Dr. Mark Packer, Our October Mensch of the Month!



Mark Packer is the new chair of our Ritual Committee. Along with those on the committee with him: Susan Abelkop, David Blumenfeld, Bob Britanisky, Ben Stauber, Elaine Hyman, and ex officio President Sandy Gordin, Mark has guided and directed the High Holidays Honors this year with great sensitivity and effectiveness. He also teaches our young people in Sunday School and has done so for many years.

As well as an expert in art history, Dr. Mark Packer is associate professor in the Center for Interdisciplinary Studies, where he has taught since 2011. He earned his Ph.D. in philosophy from Northwestern University. Since then, he has held faculty appointments at Vanderbilt University and Dartmouth College, where he received numerous teaching awards. In addition to scholarly articles in ethics and the philosophy of art, Mark has published work on Kant and Aristotle and frequently directs interdisciplinary conferences for Liberty Fund, a non-profit educational foundation based in Indianapolis. Mark is the founder and full-time faculty advisor of the Adjunct Faculty Association at the University of South Carolina Upstate.


Hadassah and October Tish!

Hadassah Tisch


Saturday, October 6 there will be a Tisch after services. Please join us so we may have a Shabbes Minyan.

We will be sponsoring the tisch on Saturday, October 6 following morning services. Do plan on joining us as Hannah Keen practices for her Bat Mitzvah and for the brunch after- wards.

There will be a Hadassah meeting on Wednesday, October 27 at 11 am in the Sisterhood activity room. Bring your lunch and stay forthe Rabbi’s Brown Bag Lunch anddiscussion group.

The harvest season is almost upon us and while we are grateful for all of our good fortune, there are many who are suffering from the aftermath of Hurricane Florence. It would be a blessing to make a donation to those in need at this time because the need is great and will be for some time to come.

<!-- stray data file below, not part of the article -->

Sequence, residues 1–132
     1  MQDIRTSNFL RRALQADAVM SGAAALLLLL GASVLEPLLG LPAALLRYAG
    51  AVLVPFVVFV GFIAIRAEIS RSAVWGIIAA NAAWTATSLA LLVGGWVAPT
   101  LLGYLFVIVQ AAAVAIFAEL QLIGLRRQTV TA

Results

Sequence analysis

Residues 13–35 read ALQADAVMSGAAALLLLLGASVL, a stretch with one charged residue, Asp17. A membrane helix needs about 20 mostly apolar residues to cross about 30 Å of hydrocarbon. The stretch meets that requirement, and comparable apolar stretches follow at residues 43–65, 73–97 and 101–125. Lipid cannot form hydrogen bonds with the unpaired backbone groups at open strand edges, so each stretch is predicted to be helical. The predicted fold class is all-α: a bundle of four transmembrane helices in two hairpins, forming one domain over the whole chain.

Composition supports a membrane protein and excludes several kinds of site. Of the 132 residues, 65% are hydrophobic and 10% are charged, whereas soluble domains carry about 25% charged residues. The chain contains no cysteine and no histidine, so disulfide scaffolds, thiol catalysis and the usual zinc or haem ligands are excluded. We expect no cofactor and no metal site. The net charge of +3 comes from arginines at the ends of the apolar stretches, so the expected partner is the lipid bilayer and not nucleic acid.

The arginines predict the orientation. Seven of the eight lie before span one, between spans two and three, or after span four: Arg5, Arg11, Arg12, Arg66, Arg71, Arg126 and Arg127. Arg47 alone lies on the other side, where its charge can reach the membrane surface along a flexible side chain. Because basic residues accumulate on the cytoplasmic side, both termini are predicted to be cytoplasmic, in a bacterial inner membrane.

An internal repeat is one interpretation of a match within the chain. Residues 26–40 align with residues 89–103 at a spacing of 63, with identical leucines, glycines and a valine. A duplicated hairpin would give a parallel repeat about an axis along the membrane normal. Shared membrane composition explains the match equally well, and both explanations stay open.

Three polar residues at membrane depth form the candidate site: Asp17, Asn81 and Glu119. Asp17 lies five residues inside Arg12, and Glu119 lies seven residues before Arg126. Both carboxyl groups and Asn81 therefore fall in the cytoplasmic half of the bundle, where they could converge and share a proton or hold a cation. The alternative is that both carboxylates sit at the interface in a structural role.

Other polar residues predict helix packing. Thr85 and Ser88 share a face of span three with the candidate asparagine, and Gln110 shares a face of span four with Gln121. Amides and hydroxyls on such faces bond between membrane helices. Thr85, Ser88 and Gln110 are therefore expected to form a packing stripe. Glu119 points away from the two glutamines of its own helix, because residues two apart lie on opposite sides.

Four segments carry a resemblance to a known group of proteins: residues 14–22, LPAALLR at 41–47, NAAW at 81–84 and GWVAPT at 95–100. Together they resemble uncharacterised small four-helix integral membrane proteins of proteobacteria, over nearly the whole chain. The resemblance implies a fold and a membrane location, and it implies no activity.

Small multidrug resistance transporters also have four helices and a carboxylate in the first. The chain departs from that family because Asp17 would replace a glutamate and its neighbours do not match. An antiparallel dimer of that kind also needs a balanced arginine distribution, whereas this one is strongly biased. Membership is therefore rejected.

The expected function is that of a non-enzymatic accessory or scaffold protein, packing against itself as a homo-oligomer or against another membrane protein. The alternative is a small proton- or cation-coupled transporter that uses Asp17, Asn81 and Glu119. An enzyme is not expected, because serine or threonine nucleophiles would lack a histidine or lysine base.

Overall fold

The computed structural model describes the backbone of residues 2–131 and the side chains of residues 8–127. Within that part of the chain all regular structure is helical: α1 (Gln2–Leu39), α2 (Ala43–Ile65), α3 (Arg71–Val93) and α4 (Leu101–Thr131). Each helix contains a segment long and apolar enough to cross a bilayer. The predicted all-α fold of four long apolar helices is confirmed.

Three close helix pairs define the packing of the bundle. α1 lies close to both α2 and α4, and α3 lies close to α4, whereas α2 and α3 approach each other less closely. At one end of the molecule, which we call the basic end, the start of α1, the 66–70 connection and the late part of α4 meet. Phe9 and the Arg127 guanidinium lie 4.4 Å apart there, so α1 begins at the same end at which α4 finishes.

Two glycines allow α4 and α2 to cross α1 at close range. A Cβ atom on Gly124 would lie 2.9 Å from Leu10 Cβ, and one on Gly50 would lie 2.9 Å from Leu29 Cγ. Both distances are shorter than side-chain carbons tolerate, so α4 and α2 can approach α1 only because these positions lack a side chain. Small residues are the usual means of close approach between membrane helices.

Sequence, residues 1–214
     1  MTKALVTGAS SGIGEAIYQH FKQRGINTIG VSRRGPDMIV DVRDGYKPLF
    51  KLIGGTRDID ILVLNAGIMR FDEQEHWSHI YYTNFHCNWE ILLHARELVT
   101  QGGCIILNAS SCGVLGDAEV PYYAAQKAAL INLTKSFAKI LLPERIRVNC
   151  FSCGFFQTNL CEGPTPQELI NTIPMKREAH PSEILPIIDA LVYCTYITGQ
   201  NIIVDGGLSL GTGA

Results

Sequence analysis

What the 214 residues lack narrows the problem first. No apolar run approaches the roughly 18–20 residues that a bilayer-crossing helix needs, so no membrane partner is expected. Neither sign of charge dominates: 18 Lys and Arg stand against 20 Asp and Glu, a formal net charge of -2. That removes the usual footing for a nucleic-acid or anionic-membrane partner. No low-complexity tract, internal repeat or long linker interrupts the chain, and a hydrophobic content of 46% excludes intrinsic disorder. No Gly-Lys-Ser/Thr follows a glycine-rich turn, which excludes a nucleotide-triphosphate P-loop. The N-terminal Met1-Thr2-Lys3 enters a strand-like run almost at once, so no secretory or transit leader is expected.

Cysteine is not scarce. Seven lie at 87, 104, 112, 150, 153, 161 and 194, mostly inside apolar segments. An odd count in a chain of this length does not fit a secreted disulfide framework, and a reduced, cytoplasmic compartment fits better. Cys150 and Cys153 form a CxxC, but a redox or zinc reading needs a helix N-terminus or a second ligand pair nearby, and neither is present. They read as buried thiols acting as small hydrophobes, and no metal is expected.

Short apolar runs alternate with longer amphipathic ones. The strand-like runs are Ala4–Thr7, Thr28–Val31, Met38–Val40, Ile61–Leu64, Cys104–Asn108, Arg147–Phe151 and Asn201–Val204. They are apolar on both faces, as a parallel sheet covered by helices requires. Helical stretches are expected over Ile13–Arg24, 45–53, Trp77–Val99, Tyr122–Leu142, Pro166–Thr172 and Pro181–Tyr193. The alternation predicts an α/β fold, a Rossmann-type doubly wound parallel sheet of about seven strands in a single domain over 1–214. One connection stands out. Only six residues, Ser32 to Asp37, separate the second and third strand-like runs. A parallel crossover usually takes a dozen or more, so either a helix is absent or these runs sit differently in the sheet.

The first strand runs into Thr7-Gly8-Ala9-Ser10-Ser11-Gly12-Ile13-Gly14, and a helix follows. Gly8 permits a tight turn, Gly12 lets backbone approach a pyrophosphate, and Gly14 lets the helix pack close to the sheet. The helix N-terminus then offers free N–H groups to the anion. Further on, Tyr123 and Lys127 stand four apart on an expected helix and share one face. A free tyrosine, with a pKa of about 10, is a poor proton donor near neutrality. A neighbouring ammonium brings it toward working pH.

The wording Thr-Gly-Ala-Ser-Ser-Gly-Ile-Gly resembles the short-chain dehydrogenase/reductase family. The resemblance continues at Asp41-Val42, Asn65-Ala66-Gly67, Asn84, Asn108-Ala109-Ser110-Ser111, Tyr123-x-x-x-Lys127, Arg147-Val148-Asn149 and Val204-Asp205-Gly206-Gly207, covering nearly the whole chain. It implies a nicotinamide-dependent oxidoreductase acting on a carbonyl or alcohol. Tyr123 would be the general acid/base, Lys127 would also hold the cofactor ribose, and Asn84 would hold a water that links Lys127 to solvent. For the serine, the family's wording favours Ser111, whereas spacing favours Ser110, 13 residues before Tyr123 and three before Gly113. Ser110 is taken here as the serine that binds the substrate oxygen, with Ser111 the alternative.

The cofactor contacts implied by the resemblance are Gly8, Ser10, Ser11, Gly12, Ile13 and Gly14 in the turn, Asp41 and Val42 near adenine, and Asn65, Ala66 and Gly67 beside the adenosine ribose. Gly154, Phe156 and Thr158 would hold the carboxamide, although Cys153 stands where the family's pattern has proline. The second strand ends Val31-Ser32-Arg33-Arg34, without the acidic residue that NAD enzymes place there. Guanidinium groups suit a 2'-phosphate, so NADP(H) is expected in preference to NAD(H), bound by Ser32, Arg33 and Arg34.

See you around the Temple.

Nancy Rosenberg

A Message from Our President

I enjoyed seeing so many people around the Temple during the holidays and having the opportunity to meet some congregants for the first time. I’m still trying to connect with members whom I don’t know, so don’t be surprised if I give you a call! As I’ve mentioned on several occasions, the Board and I want to hear your ideas and thoughts, so please don’t hesitate to reach out to us. A special thank you to everyone who recently paid their dues, made donations, and/or contributed to fair share. Your contributions make a difference!

Andrew Poliakoff recently reminded me of a wonderful organization, the Jewish Historical Society of South Carolina. If you’re not a member, I encourage you to consider joining. The Society “encourages the collection, study, and interpretation of South Carolina Jewish history…to increase awareness of that heritage among Jews and non-Jews”. If you enjoy “Jewish geography,” you’ll enjoy reading their publications and visiting their website. The organization meets twice a year in cities across South Carolina and publishes a biannual magazine. The next meeting is October 20-21st in Sumter. For more information about the Jewish Historical Society, see page 14.